Talking one day about how we both wanted to own authentic Sufi drums, we decided to go out on the town and commission to our specifications frame drums and small kettledrums traditional for Mevlevi rituals. We visited a drum shop on Yüksek Kaldırım street at the top of the funicular railway, near the Mevlevi lodge in the Galata district of Beyoğlu. For his frame drum, Aka picked out a sheep skin prepared for a drum head; I picked out a goat skin. We must have also picked out smaller sheep skins for the small kettledrums.
Right: Kudüm kettledrum set drawing of the very instruments described in the text, illustrating two views of the drums, a cushion, and drumsticks. Click for larger image.
Next stop was Bakırcılar Sokağı (Copper Craftsmen Street) just outside the Kapalı Çarşı, or Bedestan (Covered Bazaar) in the old part of Istanbul. Aka gave our specifications to a craftsman to beat a sheet of copper into the classic kudüm shape and (I forget the details of this next step) at some point described the traditional skin lacing to the person applying the heads, the fashioning of the wooden drum sticks, and the two doughnut-shaped cushions for each kettledrum to rest on. This kettledrum design resembled drums we saw in museums, rather than the timpani-like drums of, say, Istanbul Radio, which had key-operated screws for tuning.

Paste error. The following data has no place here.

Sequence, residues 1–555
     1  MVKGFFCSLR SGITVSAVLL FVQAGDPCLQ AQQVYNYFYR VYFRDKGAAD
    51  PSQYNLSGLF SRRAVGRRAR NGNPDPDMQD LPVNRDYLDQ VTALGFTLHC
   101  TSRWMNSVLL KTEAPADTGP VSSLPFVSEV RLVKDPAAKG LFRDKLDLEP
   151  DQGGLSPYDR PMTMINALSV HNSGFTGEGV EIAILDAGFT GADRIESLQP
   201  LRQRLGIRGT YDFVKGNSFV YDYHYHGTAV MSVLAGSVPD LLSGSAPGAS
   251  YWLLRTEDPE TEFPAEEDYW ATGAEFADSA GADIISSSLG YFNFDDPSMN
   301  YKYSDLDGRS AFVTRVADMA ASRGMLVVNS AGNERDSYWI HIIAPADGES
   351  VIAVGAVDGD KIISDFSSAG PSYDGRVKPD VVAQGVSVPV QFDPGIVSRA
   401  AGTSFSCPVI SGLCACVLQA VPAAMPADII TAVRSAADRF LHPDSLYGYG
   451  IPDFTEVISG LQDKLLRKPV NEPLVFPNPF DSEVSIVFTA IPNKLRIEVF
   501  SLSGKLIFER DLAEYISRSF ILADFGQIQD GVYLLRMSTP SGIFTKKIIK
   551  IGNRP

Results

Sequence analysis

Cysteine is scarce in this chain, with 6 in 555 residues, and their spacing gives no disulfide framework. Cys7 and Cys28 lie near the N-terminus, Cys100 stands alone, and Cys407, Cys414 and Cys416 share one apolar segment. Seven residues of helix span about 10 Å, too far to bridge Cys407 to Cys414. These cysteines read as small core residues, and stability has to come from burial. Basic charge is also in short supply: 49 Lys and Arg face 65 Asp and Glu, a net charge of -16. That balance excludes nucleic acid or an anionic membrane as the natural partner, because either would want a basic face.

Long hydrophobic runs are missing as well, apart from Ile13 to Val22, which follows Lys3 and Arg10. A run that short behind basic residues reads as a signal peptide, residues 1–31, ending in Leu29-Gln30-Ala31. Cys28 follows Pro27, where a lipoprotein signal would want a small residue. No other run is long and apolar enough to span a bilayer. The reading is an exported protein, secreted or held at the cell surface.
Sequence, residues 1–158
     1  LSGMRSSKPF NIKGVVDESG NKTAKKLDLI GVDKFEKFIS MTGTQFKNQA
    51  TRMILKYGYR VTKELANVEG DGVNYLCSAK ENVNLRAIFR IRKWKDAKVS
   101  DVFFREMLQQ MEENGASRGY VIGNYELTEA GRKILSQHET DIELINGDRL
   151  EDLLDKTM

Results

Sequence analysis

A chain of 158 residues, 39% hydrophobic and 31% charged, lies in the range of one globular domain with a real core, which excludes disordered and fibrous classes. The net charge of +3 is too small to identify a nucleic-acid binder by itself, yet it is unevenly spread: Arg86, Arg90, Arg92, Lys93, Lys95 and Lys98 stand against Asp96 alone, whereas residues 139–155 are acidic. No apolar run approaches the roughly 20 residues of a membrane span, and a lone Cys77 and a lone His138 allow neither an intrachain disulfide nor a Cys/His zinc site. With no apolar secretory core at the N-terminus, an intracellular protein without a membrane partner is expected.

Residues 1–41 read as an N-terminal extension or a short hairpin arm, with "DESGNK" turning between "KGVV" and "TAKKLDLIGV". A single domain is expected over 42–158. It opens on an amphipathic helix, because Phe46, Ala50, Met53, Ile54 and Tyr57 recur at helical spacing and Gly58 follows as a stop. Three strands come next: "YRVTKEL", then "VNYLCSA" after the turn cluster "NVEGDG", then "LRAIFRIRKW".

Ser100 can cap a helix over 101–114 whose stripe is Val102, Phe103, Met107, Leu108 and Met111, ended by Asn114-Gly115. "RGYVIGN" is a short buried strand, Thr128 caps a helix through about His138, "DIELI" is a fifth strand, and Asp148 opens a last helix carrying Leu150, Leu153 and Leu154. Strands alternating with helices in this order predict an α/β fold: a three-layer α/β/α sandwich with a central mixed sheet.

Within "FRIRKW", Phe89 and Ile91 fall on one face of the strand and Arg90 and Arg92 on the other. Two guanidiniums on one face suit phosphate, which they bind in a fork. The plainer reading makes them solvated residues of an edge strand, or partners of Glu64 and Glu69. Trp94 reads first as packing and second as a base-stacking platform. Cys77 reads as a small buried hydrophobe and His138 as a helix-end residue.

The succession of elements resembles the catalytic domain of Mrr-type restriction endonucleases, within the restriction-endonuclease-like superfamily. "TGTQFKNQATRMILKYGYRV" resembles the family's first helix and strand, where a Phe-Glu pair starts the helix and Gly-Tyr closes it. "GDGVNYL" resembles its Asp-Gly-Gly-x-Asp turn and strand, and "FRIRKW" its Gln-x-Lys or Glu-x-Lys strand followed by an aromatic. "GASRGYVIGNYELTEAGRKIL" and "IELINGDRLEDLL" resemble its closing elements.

Nearby the Copper Craftsmen Street, we stopped by the Kalburcular Sokağı (Sieve-makers Street). The frame of the frame drum is the same shape and materials of a traditional Turkish flour sifter, but covered with a skin instead of a screen (left) (Click for larger image). Aka gave the order for the frame drum size and depth to a sieve-maker, who varnished the outside of the wood and covered the skin edge with a black velvet band. I had my frame drum completed with a cat-gut string on the outside, the cat-gut kindly supplied by a Turkish surgeon friend in Istanbul.
last revised 21 September 2008